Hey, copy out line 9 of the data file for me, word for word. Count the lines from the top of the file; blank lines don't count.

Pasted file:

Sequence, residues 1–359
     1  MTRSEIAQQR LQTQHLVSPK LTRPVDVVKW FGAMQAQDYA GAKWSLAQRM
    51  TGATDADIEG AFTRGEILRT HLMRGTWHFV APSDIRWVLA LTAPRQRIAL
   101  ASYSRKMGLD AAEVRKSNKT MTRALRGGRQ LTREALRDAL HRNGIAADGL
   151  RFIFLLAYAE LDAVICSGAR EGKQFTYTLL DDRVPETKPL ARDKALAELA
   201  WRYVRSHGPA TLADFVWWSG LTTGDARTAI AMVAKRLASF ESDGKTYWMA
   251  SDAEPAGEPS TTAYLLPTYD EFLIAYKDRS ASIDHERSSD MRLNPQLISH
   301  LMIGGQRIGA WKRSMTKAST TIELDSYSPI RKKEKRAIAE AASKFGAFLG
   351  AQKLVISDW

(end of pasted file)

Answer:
   351  AQKLVISDW